My heart punched forward a beat at the sight of simply the name. Nagra. I started in BBC Radio and wore a groove into my shoulder carrying a portable Nagra tape recorder around. And I remember being shown the continuity suite in BBC Radio 4 where Nagras were used to play in clips because they were so quiet and moreover they started instantly. No lurching up to speed, just on, bang, go.
I am choked with nostalgia for this stuff and yet I never knew any of its history. Until now:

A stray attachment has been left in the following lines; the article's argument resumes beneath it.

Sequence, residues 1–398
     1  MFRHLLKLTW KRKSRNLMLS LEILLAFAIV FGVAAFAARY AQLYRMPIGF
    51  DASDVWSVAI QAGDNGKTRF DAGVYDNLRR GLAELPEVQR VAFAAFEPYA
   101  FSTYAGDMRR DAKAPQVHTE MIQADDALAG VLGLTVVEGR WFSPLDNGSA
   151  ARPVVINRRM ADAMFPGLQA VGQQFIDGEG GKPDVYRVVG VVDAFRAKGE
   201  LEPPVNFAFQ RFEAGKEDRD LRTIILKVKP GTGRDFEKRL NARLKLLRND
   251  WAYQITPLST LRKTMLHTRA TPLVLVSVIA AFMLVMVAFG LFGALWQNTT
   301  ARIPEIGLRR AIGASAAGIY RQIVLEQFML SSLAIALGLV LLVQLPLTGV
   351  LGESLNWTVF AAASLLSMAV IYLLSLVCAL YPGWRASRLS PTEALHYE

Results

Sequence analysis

Stefan Kudelski didn’t set out to make a sound recorder. He was interested in robotics, and in the 1950s, one of the ways to create robotic memory was to use magnetic tape. As a student, working with that tape, he built a machine that doubled as a recorder. Nobody was interested in the robotics aspect of the project, he said later: “But people were very excited about the recorder that I created. So, I became a manufacturer of recorders. That’s how it started.”
This first recorder, the Nagra, was, in Kudelski’s words, “just a gadget.” The second was “very serious equipment.” But the third one, built in 1961, when Kudelski was 27, was “a good machine.”
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